Meditation is recognized by more or less every philosophical and spiritual tradition as a way to improve your health, find true and lasting inner peace, and become aware of the true self that lies beneath all your day-to-day stuff.
Everyone has the ability to meditate. So why is it that sitting by yourself trying to access all this zen stillness can seem so difficult?
For each of us the obstacles to meditation will be slightly different, but there are certain “usual suspects” that almost everyone has to tackle. Top of this list is the mistaken presumption that we should somehow, magically, be able to stop ourselves thinking.
You may have been through this scenario: you’ve sat down in cross-legged pose, closed your eyes and tried to focus on the calm blue ocean, but instead your mind insists on throwing you wave after wave of junk. The result: you get frustrated with your thoughts, disappointed for “failing” to meditate, and perhaps never try it again.
We tend to imagine that “people who meditate” have minds as calm and still as a pool in an underground cavern. Maybe with years of practice it’s possible to get there. But for most of us, the truth is that we can no more stop thoughts from coming into our minds than we can stop clouds from drifting across the sky, or our next door neighbour’s dog from barking at passing cyclists.
What we can do, however, is begin to slow those thoughts down. Even this has benefits. People who meditate report that their practice brings them a sense of well-being, clarity and peace. Often in only a short time.
If all this inspires you to try meditating here’s a few tips that may help:
1. If your body is tense, you can rely on the mind to churn out a steady stream of complaints. Short circuit those thoughts by keeping yourself comfortable and relaxed. There’s no law that says you have to be cross-legged. I learnt to meditate lying on my back in Shavasana. Another option is to sit in a chair with your feet firmly on the ground, your spine straight and your hands resting comfortably in your lap. Or if you do prefer to sit on the ground, feel free to rest your back against a wall. Keep the back straight, but keep it relaxed.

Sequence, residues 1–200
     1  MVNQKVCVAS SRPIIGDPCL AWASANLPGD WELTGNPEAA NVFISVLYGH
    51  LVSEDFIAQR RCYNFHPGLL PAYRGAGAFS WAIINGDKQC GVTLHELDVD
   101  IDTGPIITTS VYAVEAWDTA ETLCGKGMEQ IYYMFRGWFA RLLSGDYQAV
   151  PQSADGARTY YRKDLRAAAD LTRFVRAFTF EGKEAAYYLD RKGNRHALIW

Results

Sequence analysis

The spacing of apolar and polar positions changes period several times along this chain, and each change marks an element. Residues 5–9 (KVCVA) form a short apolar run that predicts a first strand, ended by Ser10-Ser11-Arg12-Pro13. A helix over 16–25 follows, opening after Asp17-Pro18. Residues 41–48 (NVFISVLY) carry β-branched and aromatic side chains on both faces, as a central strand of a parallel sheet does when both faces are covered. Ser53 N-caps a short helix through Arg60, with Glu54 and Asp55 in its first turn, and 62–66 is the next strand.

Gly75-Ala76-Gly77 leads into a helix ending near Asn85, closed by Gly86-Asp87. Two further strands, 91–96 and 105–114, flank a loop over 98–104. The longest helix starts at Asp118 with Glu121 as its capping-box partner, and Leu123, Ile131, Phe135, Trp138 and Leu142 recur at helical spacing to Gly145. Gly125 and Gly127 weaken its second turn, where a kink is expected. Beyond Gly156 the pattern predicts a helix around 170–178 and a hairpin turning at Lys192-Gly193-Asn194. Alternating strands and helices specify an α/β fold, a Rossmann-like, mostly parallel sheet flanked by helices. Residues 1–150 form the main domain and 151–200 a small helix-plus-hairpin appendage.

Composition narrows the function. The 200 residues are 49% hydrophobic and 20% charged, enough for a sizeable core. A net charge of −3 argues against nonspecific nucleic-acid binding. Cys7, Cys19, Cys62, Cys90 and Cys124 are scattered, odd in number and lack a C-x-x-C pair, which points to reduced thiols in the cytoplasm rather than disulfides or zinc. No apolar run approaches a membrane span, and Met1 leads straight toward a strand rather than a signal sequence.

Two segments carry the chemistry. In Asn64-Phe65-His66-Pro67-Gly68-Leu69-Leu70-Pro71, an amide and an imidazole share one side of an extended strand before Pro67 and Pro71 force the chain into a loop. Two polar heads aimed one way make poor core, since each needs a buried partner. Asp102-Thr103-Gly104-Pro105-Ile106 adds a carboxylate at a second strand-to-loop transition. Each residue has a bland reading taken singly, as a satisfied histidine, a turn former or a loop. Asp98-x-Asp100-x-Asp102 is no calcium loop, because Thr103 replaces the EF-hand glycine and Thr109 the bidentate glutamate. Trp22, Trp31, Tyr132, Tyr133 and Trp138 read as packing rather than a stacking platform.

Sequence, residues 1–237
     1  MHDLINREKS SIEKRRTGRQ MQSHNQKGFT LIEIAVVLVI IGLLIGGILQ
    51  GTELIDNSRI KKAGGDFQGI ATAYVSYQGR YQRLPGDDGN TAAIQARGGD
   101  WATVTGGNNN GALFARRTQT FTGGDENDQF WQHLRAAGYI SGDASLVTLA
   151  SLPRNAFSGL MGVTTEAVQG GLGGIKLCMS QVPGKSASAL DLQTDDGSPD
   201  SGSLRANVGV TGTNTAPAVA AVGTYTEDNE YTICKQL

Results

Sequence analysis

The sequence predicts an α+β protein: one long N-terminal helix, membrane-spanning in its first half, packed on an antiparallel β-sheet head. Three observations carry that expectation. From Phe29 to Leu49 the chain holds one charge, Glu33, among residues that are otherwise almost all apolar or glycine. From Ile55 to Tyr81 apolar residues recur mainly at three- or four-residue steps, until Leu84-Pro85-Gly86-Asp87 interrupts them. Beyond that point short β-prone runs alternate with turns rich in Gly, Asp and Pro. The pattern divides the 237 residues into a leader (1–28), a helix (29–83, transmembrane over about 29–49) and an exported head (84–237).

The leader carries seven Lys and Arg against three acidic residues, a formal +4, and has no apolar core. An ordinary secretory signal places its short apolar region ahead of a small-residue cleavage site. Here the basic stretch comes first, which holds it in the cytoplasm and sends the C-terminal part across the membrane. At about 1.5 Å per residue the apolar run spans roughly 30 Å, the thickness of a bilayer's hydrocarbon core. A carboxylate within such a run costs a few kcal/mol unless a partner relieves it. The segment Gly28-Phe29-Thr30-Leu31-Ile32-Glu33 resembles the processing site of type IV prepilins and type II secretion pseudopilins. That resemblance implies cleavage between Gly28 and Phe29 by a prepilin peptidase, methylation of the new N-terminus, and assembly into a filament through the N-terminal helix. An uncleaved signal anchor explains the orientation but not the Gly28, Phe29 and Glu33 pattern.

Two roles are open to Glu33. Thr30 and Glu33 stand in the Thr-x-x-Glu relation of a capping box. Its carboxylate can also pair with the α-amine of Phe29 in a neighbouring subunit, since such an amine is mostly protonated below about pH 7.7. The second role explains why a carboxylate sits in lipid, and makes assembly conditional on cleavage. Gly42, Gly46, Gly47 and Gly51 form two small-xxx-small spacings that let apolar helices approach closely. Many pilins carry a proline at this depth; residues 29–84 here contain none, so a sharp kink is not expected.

2. In yoga, it’s said that “where the breath goes, the mind follows”, so once you’re in a comfortable position, exhale and consciously watch the tension release from the body. Then practice yogic breathing. Inhaling and exhaling from the abdomen makes the breath calmer and smoother, which in turn helps to slow our thoughts down.
3. Accept the nature of the mind. You can’t stop the thoughts, but you can choose not to interact with them. Thoughts are like carpet sellers in a Turkish market: if they think you’re a prospect they’ll virtually tackle you to the ground with supposedly unmissable offers. But if you acknowledge them with a smile and walk calmly on, the offers gradually become less frequent and less insistent, and they’ll eventually figure out that hassling you is a waste of time. When you’re meditating, give your thoughts the same treatment: learn to simply watch them come and go, unfollowed, unargued with, uncommented upon.
4. Start this process slowly, and allow yourself to adapt to the practice of meditation. You don’t need to sit there for hours, grappling with the mind. A consistent practice of 5 minutes a day is infinitely better than a sporadic hour here and there. Over time you can gradually extend your meditation. In fact you’ll probably find that it naturally begins to extend itself, as you begin to – gasp – actually enjoy it.
5. Most of all remember, that learning to meditate is not about arriving at some final magical destination. The real treasure lies in the discoveries you make along the way.
Author Bio: This post continues our yoga series by guest blogger Helen Laird of Yoga in One Syllable. Helen is passionate about helping people see where yoga already exists in their lives and inspiring them to bring more yoga into it.